- The issue of basic rights to read, and the protection of an information commons against forces which are working to limit all forms of communication are discussed in more detail in two essays:
- Can the Information Commons Be Saved? : How Intellectual Property Policies Are Eroding Democratic Culture & Some Strategies for Asserting the Public Interest, by David Bollier. This is written from the US perspective, although as WIPO globalizes specific interpretations of copyright and related laws the country of origin is becoming less of a distinction.
One of the more confusing paradoxes of the Internet Era is that even as more information is becoming readily available than ever before, various commercial forces are converging to make information more scarce, or at least more expensive and amenable to strict market control. More than an oddity, this paradox may be an augury about the fate of the free information ecology that has long distinguished our democratic culture . . .
- The Right to Read, by Richard Stallman : a story cast into the not-too-distant future, talking about a better past.
He had to help her--but if he lent her his computer, she might read his books. Aside from the fact that you could go to prison for many years for letting someone else read your books, the very idea shocked him at first. Like everyone, he had been taught since elementary school that sharing books was nasty and wrong--something that only pirates would do.
- In an economy where copyright was used only to appropriately protect moral rights and industrial mass-copying rights, there is no utility to technologies which aim to inflict access controls onto the public.
Since economic reasoning is most often used to justify restrictions on the ability to access or copy information, a discussion of ongoing changes in business models becomes key to deciding if the very drastic changes being proposed are warranted. I argue that these changes are not even compatible with some of the most modern business models.
Focusing for the moment on computer software, we can divide business models that use copyright in different ways currently in use for computer software into three broad categories:
- Selling Licenses
- Prominent method use by bigger businesses, modeling business practices against those that worked in the Industrial economy. This model makes money by creating artificial scarcity of software through restrictions in the ability of consumers to copy and access works.
- Software as a Service
- The growing ASP (Application Service Provider) market which includes players from both the Free Software and proprietary software markets. The new Microsoft .NET initiative as well as the compatible Free Software Mono projects will most likely primarily use business models in this category. In this business model the customer is purchasing the processing ability of remote software which is never sent to the customer, and thus copyright is not a factor. Authors who wish to keep their code private would do so through Trade Secrets which rely on privacy laws and not copyright.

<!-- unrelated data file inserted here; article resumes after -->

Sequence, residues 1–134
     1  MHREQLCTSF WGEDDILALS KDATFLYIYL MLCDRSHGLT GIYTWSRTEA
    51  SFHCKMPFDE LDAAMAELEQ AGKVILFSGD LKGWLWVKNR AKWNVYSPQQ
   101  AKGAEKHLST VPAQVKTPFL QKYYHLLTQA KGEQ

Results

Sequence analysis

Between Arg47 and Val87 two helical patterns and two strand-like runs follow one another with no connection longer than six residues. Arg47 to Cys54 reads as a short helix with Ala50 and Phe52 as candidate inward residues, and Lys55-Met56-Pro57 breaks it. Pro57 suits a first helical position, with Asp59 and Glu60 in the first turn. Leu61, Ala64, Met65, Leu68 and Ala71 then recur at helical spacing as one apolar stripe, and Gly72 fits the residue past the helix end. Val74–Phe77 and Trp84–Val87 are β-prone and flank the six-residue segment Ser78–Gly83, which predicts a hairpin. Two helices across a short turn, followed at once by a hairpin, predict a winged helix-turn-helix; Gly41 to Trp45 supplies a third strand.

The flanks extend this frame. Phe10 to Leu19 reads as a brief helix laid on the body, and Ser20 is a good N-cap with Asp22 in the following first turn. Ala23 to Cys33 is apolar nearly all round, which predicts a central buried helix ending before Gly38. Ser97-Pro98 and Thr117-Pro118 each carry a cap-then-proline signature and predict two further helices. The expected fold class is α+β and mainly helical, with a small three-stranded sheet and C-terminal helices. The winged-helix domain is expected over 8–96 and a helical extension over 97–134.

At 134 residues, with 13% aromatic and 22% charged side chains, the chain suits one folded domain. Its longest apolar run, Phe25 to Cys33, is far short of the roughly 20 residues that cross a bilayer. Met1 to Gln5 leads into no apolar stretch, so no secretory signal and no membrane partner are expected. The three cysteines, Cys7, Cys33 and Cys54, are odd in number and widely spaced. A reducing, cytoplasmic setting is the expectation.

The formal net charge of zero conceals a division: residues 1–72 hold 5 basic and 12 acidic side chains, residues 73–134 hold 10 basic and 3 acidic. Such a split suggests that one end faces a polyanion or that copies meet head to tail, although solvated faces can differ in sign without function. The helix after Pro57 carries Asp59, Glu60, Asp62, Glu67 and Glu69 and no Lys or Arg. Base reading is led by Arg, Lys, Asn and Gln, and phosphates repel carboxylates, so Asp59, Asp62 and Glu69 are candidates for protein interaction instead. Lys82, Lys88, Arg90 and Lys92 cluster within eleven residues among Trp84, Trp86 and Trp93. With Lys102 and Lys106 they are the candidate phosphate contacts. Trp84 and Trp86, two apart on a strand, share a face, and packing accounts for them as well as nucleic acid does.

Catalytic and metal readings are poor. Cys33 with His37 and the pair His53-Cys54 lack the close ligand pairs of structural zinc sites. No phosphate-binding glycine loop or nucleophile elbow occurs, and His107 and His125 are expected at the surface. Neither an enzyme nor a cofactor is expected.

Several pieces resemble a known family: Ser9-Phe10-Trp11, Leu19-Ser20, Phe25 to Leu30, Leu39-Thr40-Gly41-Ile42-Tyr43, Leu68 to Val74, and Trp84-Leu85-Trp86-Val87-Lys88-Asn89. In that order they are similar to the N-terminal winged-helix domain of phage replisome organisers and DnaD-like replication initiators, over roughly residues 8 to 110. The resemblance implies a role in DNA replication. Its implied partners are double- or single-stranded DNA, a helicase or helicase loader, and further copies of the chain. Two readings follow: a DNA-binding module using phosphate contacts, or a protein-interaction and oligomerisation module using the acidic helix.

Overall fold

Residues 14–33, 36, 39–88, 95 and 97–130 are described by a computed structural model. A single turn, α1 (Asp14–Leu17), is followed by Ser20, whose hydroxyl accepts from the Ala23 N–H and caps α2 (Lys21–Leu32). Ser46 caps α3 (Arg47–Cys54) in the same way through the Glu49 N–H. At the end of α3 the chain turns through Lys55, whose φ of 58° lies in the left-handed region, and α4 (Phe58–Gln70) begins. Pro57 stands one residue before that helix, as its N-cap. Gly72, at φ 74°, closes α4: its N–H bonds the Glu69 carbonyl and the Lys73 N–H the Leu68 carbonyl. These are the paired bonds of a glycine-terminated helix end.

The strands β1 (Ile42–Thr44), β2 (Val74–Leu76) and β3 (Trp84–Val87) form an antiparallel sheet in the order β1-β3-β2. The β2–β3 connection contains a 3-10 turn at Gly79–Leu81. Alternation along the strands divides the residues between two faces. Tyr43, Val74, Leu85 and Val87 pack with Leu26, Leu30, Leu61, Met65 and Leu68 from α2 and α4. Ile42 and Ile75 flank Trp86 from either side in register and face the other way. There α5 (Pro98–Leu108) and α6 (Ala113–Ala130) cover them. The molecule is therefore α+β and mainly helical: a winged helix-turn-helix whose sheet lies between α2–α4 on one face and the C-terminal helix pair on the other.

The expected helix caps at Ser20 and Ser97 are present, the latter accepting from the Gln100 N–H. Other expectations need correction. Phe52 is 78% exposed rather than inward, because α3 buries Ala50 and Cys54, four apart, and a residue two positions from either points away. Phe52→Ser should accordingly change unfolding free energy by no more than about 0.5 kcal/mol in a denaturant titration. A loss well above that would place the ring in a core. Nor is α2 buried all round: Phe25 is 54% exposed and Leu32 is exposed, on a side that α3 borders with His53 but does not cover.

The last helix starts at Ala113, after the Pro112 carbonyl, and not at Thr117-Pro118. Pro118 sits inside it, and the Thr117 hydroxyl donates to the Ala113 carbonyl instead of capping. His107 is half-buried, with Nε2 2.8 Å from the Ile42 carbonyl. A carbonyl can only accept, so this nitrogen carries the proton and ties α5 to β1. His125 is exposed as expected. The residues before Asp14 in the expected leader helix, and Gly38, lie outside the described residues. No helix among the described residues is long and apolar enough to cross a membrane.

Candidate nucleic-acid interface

- Servicing Software
- This is the most popular business model used by the Free Software industry where programmers get paid to innovate and increase the value of existing Free Software. In this case copyright is primarily needed to protect authenticity of software (IE: the copyright notice identifies the author) which gives credit to the author. Copyright laws are also used by the GNU GPL (GNU General Public License) to protect derivative works from removing freedoms afforded in the original intellectual work, to ensure that the availability of Free Software will continue to expand.
The "servicing software" model highly relies on open -- vendor independent as well as copyright and patent unrestricted -- access to software API's (Application Program Interfaces), File formats, network protocols, etc. Software cannot be based on a trade secret as the source code must be available to all. Copyright reform which restrict rather than protect the right to disassemble software to create compatible products, restricts cryptanalysis of distributed files or media to allow for alternative reader/player technologies, or other such restrictions become an insurmountable barrier to innovation and competition in this market.
When governments, such as the USA, enact copyright laws such as some of the provisions in the DMCA they are not universally helping all copyright holders. They are in fact choosing which markets and business models will survive and which will be forced by the government to fail. While those of us making a living in the "servicing software/Free Software" business model may wish to convince governments that there would be a stronger software economy by focusing on this model, I believe it should be obvious that it is not the place of government to pre-determine that only property-based business models will survive but to instead encourage a more free market of ideas.
There is considerable discussion worldwide about copyright issues, including how some of the provisions of copyright have come in conflict with other public policy initiatives. Examples range from Competition laws and trade agreements, to other sections of the Copyright act itself.
As an example, an article in CNet's News.com titled "Governments around the world have found a new rallying cry--"Software libre!"--and Microsoft is working overtime to quell it. " speaks about a number of national government initiatives including Open Standards & Source Code Access which discussed some proposed changes to French law.
From the Frequently Asked Questions from the Open Standards & Source LAW site is the following quote: